Statist: [Ignoring the fact that Britain’s railways are emphatically not privatised]: “Bring back British Rail! The railways should be state owned!”
Libertarian: “I’m perfectly happy for you to choose to pay this organisation that you call “the state” to run railways you want to travel on. But I don’t want to travel on those trains. Why must I be forced to support them?”
Statist: “Of course we need the state! What would happen to crime if there wasn’t the police!”
Libertarian: “If you wish to make contributions to the state’s policing so that they will protect you from crime then go right ahead. I really don’t want to stop you at all, it’s your money. But I would rather pay someone else to protect me from crime. Why do you want to force me to pay for your preferred provider and not mine?”
Statist: “Taxes should be raised to provide vital funding for important state functions”.
Libertarian: “If you want to write a cheque to the Treasury then go right ahead, the freedom is all yours. But why are you forcing me to pay for an organisation that I despise and wish to have nothing to do with? I’m perfectly happy to let you spend your money just the way you want it, but when I want to spend my money just the way I want it you’re saying I should be thrown in jail! Why?!”
Statist: “All industries should be nationalised and run for the people, not for greedy profit-seeking shareholders”.
Libertarian: “It’s perfectly fine for you to pool all your money and your possessions with those of like-minded people so as to set up socialised industry. There is absolutely nothing wrong with mutual organisations, co-operatives, or even communes if that’s what you want to do yourself. But I want to invest my money in profit-making industry and earn a return on my investment. I’m more than willing to leave you alone to do what you want with your money, just leave me alone to do what I want with mine.”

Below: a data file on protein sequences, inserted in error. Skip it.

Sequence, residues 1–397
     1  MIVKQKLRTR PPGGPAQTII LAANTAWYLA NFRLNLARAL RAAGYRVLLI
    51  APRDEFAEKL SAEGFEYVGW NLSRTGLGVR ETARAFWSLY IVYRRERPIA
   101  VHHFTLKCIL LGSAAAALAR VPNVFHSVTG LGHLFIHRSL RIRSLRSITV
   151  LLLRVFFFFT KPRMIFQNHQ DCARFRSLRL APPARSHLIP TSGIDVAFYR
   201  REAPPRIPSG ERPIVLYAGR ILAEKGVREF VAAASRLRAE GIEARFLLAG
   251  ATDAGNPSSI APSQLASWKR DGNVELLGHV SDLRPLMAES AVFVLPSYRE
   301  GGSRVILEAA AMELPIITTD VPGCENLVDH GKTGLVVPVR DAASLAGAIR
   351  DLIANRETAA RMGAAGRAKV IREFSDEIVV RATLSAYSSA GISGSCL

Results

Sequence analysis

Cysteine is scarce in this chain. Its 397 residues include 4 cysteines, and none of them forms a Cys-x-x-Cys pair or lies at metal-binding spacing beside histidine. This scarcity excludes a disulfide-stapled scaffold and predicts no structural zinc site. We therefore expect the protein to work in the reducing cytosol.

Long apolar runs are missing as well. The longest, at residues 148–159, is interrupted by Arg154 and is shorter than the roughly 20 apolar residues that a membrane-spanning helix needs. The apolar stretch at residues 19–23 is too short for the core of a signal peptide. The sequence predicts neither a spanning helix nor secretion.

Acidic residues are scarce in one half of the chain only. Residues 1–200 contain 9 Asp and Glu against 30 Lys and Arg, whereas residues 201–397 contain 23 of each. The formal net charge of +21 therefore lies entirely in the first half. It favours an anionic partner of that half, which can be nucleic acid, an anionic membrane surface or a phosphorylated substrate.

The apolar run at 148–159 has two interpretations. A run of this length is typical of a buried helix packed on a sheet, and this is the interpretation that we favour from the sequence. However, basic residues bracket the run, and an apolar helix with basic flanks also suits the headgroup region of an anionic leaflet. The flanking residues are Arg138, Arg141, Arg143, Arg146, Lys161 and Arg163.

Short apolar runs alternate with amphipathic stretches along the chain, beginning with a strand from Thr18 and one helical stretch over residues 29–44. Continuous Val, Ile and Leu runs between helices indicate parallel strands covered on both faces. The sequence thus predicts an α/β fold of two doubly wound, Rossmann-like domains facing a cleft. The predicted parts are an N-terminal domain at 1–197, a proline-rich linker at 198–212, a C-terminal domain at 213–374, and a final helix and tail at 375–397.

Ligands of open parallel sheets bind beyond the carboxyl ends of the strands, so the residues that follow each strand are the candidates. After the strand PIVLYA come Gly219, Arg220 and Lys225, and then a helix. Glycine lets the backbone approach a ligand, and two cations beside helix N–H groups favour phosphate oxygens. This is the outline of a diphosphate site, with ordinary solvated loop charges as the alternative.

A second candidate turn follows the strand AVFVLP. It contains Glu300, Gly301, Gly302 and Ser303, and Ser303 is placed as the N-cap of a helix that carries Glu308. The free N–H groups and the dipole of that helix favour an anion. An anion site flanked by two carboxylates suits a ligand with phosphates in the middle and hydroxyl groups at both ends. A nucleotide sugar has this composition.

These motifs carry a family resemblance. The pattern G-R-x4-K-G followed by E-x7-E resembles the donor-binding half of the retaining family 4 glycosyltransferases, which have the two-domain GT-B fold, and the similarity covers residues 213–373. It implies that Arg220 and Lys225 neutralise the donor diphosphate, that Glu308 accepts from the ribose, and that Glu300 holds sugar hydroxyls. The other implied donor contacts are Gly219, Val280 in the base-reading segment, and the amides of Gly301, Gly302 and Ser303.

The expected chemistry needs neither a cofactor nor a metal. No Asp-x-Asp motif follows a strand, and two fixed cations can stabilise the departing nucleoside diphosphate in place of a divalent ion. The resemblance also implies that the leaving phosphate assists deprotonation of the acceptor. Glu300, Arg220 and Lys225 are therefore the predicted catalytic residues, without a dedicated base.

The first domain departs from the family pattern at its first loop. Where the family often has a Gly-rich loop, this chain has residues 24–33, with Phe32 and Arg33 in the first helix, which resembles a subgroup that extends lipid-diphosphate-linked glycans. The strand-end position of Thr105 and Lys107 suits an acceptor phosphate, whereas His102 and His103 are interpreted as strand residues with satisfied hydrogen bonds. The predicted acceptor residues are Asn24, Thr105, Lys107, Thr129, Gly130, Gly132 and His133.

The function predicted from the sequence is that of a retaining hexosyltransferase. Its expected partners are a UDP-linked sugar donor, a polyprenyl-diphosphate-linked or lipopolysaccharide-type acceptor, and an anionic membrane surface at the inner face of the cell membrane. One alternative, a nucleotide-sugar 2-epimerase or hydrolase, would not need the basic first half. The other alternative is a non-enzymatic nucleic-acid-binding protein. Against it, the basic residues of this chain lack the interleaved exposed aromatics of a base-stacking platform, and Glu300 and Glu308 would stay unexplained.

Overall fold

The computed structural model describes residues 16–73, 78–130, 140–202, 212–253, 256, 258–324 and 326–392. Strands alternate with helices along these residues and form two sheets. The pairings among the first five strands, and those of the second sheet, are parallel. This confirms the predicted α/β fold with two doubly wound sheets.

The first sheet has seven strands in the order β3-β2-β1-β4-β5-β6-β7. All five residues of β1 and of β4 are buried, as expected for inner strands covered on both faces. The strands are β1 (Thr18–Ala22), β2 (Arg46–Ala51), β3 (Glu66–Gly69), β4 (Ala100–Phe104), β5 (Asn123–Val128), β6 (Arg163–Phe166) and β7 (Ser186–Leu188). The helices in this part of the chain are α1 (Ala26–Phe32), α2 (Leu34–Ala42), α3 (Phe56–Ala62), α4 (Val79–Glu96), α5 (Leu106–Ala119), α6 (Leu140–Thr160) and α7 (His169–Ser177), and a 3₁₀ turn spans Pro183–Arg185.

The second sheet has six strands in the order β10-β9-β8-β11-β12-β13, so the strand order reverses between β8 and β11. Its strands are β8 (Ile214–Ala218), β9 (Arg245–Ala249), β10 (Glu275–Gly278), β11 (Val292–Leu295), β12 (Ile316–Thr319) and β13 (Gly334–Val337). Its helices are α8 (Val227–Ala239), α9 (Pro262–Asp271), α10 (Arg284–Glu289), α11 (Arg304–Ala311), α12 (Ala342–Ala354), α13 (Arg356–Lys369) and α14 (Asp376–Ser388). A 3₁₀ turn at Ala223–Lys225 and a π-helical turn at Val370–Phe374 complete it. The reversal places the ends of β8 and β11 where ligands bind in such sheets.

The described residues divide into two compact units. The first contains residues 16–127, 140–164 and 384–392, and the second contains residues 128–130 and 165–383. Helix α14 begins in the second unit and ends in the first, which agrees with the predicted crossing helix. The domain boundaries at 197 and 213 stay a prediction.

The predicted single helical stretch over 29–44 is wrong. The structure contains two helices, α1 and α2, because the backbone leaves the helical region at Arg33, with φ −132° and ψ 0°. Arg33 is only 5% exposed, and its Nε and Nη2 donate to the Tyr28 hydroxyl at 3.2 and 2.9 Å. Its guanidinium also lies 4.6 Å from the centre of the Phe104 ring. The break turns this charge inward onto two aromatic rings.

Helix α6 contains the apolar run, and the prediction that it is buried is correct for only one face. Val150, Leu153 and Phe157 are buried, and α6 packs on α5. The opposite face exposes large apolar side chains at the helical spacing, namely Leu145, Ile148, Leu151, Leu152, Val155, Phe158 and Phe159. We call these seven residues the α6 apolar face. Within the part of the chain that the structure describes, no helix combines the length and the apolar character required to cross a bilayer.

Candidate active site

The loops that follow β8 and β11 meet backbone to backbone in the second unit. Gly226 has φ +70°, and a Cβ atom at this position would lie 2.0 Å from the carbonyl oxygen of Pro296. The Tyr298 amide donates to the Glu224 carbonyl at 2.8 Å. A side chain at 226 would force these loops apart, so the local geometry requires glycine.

No doubt many other examples could be imagined by the reader, but, in short, your reply to all of them is “just leave me out of it!” The key effect of this is your opponent’s realisation that, whereas you, the libertarian, are advocating peaceful co-existence (and have absolutely no problem with organisations that they may champion), they, on the other hand, are arguing for the violent imposition of what they want on you. Few who argue in favour of statist intervention are likely to understand that they are, in fact, proposing a solution of violence to society’s alleged ills, and that they are, therefore, thoroughly violent people.
So next time you, as a libertarian, are stuck in such a debate, see how kindly your opponent takes to the realisation that, when laid bare and shorn of any fanciful rhetoric, their arguments are advocating nothing more than for society to be run by guns pointed at the many by the few.
The state itself is also an organisation defined by its use of violence, i.e. its claim to the right to levy taxation and to enforce its decisions violently over a given territory. As such, the state is the one institution which libertarians oppose by virtue of its existence.